Eight best-practices for mediating single-plaintiff wage-and-hour claims

Because wage-and-hour damages can be calculated more precisely, the parties may not be as far apart in their settlement valuations

Polina Bernstein
2023 July

Wage-and-hour claims – whether brought as individual, representative, or class claims, or as part of a larger lawsuit involving discrimination, retaliation or harassment allegations – provide unique opportunities for settlement. Wage-and-hour liability can be easier to establish due to time- and pay records having the potential to demonstrate clear underpayment of wages in some circumstances. Furthermore, compared to the potential damages in harassment and/or wrongful termination claims, wage-and-hour exposure can be calculated more precisely for the purposes of settlement discussions, which can result in the parties not being as far apart in their determination of reasonable settlement value.

This article suggests eight best practices to increase the likelihood of settling a case involving wage-and-hour claims in a mediation. The article focuses on mediating single-plaintiff wage-and-hour cases, although many of the same best practices are applicable to representative and class claims.

1. Get the evidence you need

Mediation can be successful at all stages of a case, including prelitigation. However, it is critical that you do what it takes at whatever stage you choose for mediation to maximize your chances of success. If you are mediating a wage-and-hour case very early in the process, it is important to have enough evidence to present a damages assessment that is as accurate as possible. In some situations, the defendant may have failed to keep proper records, and the plaintiff will need to prepare a damages assessment using reasonable inferences. In these instances, your client may establish an entitlement to damages even if they cannot prove with absolute certainty their exact hours worked. Rather, their burden is met if they can establish that they performed work for which they were not compensated at the appropriate rate of pay. (See Hernandez v. Mendoza (1988) 199 Cal.App.3d 721, 727.) However, it is always best if your client’s testimony can be corroborated with other evidence to the extent that is possible.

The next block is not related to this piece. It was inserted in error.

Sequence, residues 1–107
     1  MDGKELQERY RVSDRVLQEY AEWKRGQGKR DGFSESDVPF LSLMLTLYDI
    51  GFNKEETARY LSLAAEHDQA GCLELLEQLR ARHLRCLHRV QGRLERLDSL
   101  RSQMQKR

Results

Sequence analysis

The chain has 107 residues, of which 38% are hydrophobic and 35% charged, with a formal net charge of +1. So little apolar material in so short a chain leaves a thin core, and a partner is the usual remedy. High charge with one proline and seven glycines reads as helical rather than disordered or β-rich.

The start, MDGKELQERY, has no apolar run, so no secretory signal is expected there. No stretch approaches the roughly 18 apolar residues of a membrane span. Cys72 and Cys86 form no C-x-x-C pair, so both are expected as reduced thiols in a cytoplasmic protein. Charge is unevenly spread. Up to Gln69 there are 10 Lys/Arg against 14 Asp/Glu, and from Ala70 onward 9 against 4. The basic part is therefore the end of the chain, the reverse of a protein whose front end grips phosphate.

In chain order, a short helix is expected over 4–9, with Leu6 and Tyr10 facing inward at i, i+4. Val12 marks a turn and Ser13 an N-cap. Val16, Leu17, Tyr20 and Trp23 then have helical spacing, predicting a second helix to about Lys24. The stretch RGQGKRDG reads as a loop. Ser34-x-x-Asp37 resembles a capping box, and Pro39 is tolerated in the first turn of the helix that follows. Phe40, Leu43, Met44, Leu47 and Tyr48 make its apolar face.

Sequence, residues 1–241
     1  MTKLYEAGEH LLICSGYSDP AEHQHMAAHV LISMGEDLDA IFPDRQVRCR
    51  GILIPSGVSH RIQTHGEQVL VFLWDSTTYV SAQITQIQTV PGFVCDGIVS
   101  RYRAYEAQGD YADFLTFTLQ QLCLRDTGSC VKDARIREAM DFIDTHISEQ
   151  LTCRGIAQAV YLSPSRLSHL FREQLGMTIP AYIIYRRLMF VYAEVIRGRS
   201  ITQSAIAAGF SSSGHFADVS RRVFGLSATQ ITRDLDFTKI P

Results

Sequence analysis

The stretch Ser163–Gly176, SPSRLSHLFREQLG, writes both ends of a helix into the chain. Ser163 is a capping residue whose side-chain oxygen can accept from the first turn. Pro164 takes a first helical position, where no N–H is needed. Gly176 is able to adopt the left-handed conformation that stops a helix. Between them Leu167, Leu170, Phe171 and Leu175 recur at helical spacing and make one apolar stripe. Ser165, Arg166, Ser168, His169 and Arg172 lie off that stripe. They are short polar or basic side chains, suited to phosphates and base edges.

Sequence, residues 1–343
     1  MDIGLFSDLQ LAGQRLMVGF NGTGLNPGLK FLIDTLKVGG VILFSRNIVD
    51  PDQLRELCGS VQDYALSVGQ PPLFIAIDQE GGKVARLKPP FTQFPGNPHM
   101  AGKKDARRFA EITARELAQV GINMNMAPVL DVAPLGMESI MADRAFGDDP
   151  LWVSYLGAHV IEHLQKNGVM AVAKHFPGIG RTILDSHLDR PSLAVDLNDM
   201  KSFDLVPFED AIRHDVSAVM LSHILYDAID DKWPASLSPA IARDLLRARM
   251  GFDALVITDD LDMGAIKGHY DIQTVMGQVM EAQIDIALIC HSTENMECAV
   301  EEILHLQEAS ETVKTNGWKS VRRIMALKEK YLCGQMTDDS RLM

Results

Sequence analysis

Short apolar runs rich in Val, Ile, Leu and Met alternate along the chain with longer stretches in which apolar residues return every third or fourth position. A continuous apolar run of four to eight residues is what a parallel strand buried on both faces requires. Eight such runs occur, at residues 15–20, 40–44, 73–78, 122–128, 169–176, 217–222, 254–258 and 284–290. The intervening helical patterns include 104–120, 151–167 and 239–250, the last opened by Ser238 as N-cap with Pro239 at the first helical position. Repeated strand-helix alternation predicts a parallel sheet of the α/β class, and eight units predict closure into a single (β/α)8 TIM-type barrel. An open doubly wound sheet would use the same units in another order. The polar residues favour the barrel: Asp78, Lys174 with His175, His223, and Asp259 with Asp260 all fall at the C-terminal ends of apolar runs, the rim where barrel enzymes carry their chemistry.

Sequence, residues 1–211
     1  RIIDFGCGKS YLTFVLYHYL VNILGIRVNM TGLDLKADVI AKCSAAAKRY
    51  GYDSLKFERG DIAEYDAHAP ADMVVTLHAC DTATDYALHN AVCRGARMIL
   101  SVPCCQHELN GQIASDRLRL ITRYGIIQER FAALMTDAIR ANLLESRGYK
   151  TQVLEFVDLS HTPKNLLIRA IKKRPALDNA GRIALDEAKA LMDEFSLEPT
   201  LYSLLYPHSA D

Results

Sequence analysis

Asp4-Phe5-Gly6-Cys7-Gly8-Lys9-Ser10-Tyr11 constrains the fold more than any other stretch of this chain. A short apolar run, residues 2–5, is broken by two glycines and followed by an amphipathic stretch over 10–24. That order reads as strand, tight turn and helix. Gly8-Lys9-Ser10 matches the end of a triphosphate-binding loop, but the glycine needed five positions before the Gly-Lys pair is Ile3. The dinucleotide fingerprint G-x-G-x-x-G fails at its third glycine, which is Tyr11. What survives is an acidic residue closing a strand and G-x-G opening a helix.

If documents and other evidence necessary to establish your client’s damages exist, you should obtain this evidence through formal discovery requests or through an informal agreement with defense counsel to provide you with the documents you need to prepare your damages analysis. You should have enough documentation going into the mediation to be able to persuasively demonstrate to the defendant that there is substantial risk if they do not settle.

2. Obtain evidentiary support from witnesses or other sources

In addition to documents, obtaining statements from witnesses or other supporting evidence in advance of the mediation is critical to maximizing recovery in wage-and-hour cases. Employers generally dispute the veracity of employees’ claims, such as that they were unable to take meal or rest breaks because of work demands, were required to work off the clock, or were not paid all wages due. Obtaining declarations from credible witnesses who can corroborate your client’s claims will go a long way in increasing the defense’s perceived settlement value of the case.

Other potentially important sources of evidence can include electronic entry and exit records from parking structures, surveillance footage of your client’s workspace showing when they started and stopped the workday and if and if and when they took breaks, and electronic entry and exit records from the building where your client worked.

3. The numbers count, so count the numbers

Integral to reaching a settlement is creating a detailed, accurate, and thorough accounting of the plaintiff’s damages, penalties, and interest. Math is precise, so use it to your advantage. If it is very time-prohibitive to accurately calculate damages for the entire statute of limitations period – for example, a case where non-discretionary bonuses were paid every pay period but not factored into the regular rate of pay for the purposes of determining overtime wages over four years – then at a minimum, perform an accurate calculation based on a representative period of time that can be extrapolated on a pro rata basis over the entire relevant period.